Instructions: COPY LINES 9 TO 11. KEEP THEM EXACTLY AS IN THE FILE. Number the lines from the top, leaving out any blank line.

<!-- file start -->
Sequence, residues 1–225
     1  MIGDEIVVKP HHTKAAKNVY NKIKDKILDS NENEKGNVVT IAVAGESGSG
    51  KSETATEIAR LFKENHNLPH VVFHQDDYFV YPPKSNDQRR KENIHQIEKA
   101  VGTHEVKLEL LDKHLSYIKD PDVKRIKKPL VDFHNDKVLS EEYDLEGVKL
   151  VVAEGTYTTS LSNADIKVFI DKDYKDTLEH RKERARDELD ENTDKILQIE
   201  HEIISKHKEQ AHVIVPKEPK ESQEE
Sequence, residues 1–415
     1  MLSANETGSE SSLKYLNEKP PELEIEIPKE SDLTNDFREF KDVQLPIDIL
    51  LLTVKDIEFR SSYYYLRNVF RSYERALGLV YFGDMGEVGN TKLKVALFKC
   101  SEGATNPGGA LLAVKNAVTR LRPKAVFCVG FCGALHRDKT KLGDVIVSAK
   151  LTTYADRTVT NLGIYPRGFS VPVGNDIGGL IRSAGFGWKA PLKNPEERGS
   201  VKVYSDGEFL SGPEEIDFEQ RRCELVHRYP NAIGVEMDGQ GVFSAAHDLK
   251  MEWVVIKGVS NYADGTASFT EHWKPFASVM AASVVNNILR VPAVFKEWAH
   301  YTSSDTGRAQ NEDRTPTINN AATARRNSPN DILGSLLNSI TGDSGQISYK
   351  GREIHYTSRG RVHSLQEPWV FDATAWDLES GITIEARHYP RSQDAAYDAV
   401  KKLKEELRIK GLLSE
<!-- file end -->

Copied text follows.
    51  LLTVKDIEFR SSYYYLRNVF RSYERALGLV YFGDMGEVGN TKLKVALFKC
   101  SEGATNPGGA LLAVKNAVTR LRPKAVFCVG FCGALHRDKT KLGDVIVSAK
   151  LTTYADRTVT NLGIYPRGFS VPVGNDIGGL IRSAGFGWKA PLKNPEERGS